Gastrointestinal allergic disorders represent a diverse spectrum of inflammatory diseases that are occurring with increasing incidence and severity. An essential question concerning these disorders is to determine the specific cells and mediators responsible for specific clinical manifestations. With this in mind, we developed a murine model of oral allergen–induced intestinal inflammation accompanied by strong Th2-associated humoral and cellular responses and focused on the immunopathogenesis of allergic diarrhea. Exposure of OVA/alum–sensitized mice to repeated doses of intragastric OVA induced genetically restricted, dose-dependent, acute diarrhea associated with increased intestinal permeability, eosinophilia, and mastocytosis. Mice developed limited systemic manifestations of anaphylaxis, even though they developed marked intestinal mucosal mast cell degranulation. Notably, experiments involving mast cell depletion (with anti–c-kit mAb), anti-IgE treatment, and FcεRI-deficient mice indicated a critical effector role for mast cells in mediating allergic diarrhea. Furthermore, allergic diarrhea was dependent upon synergistic signaling induced by serotonin and platelet-activating factor (PAF), but not histamine. These results demonstrate that oral allergen–induced diarrhea associated with experimental Th2 intestinal inflammation is largely mast cell, IgE, serotonin, and PAF dependent.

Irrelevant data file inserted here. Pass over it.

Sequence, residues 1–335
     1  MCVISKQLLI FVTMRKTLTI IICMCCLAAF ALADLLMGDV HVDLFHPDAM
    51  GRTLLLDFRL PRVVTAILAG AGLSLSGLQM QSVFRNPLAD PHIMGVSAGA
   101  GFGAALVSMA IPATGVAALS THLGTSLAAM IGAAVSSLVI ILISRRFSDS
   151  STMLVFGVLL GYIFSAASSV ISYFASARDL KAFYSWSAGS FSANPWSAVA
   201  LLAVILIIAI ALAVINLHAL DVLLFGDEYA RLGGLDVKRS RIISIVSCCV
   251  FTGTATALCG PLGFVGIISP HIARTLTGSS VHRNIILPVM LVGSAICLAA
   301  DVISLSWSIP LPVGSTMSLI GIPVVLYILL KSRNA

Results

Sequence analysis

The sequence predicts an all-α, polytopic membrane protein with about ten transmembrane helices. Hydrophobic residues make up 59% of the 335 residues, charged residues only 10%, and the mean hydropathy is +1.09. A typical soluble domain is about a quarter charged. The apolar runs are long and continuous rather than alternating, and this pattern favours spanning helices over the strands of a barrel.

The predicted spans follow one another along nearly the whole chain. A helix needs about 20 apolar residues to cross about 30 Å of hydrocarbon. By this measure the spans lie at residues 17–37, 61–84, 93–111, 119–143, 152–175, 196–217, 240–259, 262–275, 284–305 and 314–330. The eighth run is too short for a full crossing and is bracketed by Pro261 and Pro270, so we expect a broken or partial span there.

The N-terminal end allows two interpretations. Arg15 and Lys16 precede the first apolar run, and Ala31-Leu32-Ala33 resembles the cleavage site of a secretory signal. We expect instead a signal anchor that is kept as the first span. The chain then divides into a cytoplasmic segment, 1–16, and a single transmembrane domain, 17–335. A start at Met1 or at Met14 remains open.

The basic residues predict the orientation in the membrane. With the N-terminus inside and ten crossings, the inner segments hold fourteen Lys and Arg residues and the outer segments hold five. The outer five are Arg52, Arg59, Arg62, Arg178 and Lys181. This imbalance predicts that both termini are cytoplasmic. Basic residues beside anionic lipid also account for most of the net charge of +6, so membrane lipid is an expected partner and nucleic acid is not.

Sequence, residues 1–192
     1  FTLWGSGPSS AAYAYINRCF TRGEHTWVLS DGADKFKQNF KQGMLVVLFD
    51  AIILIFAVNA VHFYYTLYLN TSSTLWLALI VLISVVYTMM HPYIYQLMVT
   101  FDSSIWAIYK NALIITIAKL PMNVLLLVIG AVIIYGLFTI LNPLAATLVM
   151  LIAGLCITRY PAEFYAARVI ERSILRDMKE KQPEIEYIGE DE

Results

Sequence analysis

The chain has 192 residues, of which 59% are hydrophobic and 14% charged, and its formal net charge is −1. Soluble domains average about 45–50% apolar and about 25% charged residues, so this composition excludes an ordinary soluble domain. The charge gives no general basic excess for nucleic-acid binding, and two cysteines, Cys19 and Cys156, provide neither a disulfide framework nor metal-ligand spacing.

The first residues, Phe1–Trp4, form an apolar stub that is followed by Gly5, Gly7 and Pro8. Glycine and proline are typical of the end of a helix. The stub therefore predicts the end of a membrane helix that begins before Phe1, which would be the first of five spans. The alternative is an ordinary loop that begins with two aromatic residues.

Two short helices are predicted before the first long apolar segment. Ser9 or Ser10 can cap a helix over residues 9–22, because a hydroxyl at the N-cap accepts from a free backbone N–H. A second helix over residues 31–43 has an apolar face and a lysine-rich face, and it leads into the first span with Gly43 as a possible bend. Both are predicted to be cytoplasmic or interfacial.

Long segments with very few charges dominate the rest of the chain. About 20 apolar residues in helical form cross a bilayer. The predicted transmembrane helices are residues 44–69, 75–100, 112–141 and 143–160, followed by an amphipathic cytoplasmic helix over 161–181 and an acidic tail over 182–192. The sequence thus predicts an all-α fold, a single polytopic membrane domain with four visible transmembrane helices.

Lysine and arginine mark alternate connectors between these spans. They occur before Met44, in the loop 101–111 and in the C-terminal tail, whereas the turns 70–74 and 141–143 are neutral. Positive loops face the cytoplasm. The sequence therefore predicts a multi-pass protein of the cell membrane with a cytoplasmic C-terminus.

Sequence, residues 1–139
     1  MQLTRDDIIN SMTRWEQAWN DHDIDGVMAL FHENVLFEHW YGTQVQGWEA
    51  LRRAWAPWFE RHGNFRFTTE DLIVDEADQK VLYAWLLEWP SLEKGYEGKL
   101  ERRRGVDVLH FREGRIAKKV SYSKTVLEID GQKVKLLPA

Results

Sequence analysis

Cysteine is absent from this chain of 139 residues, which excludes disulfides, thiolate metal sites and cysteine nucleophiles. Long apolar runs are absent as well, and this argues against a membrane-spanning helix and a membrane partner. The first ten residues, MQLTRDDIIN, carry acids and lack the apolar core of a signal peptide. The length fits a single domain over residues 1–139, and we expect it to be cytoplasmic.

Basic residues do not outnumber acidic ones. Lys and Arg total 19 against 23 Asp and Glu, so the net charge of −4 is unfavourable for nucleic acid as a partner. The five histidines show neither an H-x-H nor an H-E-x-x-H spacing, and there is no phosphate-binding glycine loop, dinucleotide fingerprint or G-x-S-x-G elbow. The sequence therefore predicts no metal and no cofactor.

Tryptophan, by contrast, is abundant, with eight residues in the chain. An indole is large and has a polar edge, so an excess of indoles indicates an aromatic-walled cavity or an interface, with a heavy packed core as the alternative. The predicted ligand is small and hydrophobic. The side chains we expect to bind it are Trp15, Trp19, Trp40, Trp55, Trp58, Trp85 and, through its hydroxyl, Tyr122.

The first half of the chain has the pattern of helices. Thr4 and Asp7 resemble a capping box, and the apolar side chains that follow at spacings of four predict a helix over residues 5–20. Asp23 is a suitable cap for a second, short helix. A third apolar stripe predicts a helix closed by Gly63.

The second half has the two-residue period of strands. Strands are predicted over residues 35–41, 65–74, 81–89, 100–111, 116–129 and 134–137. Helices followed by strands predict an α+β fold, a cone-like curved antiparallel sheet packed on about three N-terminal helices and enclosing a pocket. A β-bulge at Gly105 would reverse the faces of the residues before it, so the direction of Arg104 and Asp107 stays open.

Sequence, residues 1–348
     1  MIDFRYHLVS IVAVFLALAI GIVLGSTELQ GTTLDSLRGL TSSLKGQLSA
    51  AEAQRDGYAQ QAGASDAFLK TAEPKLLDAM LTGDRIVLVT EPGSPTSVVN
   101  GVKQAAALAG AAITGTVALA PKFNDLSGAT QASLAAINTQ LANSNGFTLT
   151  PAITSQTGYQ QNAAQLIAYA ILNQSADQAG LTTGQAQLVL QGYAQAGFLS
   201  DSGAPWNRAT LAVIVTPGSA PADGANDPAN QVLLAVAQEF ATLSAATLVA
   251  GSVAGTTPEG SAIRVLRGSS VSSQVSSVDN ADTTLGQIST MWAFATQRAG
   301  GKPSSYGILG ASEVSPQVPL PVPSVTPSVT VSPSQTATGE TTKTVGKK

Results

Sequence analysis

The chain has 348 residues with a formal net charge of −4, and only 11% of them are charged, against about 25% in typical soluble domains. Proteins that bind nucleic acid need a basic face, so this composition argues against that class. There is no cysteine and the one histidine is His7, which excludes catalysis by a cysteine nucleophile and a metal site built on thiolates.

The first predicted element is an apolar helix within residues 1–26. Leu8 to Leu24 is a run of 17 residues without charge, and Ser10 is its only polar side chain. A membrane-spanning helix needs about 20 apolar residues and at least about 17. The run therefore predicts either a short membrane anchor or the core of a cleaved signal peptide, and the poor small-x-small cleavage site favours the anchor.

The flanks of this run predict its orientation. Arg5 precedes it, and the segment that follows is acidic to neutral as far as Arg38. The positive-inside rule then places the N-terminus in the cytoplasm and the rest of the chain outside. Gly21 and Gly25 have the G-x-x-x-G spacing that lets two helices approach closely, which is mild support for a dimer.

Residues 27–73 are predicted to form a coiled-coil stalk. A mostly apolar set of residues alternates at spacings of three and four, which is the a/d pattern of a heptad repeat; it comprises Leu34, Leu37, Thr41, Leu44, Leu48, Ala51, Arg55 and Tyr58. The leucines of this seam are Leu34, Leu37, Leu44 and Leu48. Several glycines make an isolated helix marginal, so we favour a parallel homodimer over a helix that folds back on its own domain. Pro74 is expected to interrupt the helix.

Eric B. Brandt, Richard T. Strait, Dan Hershko, Quan Wang, Emily E. Muntel, Troy A. Scribner, Nives Zimmermann, Fred D. Finkelman, Marc E. Rothenberg